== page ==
Summary of argument: “New Haven’s decision to reject the promotional test results was a racial classification that should be subject to strict scrutiny.” The amicus suggested that the Court to order the district court on remand to use the “strong evidentiary basis” standard in Shaw v. Hunt, 517 U.S. 899 (1996) to determine whether New Haven can demonstrate a compelling state interest due to fearing Title VII liability.
Summary of argument: The district court erred in not applying strict scrutiny to the Civil Service Board’s decision not to certify the test results based on the race of the test passers. Bhatia argued that the New Haven’s consideration of the racial distribution of test passers was an inappropriate criterion for obtaining valid test results. Bhatia considered the system similar to a quota system, which the court has ruled against.
Comment: The failure to certify the test affected the test passers who are White, but the decision not to certify arguably did not occur because the test passers are White. Moreover, no quota system was involved. The city merely did not certify the test results. The passing rates were not determined by membership in a particular race.
Summary of argument: New Haven’s decision not to hire is intentional discrimination.
Comment: The test involved in Ricci was for promotion eligibility, the test takers were already firefighters.
The brief also cited New Haven’s argument at the test certification hearing as proof of intentional discrimination. A party can argue what it likes within the rules of evidence but that does not mean it will be accepted. The most significant development is the action of the civil service board, not the arguments of the parties.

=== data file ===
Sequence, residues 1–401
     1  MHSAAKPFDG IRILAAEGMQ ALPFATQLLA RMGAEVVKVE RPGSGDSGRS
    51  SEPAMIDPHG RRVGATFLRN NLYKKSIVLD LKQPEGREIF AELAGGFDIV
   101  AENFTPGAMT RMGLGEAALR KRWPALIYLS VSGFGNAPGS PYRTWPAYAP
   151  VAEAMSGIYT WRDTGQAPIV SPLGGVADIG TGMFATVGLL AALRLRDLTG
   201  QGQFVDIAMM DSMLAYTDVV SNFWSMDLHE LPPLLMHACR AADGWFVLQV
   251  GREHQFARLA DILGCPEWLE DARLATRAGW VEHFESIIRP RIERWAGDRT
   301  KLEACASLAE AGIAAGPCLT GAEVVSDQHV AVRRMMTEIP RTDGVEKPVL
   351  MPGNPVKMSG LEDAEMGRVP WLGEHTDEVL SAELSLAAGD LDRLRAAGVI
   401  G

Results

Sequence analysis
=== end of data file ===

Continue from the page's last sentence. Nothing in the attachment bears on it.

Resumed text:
Title VII-Job-related tests that are properly validated should not have results overturned because of post-test Title VII adverse impact claims
Summary of argument: CATO’s brief focused “on the practical problems and skewed incentives that naturally follow a decision allowing employers to justify race-based
discrimination merely because valid exams produce racially disparate results.”
Title VII-No preemption of state and local law
Summary of argument: Court decisions demonstrate that Title VII does not preempt state and local anti-discrimination laws.
Summary of argument: New Haven’s refusal to certify does not violate Title VII when based on a reasonable belief that the test may violate Title VII disparate impact provisions.
Comment: New Haven should have evaluated the test’s possible violation of Title VII disparate impact provisions during the test validation stage not after administering the test.
Connecticut civil service rules
Summary of argument: Ricci case represents threat to Connecticut’s civil service merit system. The civil service merit system was created to prevent hiring and firing of public employees from being influenced by political factors.
Comment: This case adds valuable case law discussion of Connecticut state law not present in the Ricci case documents.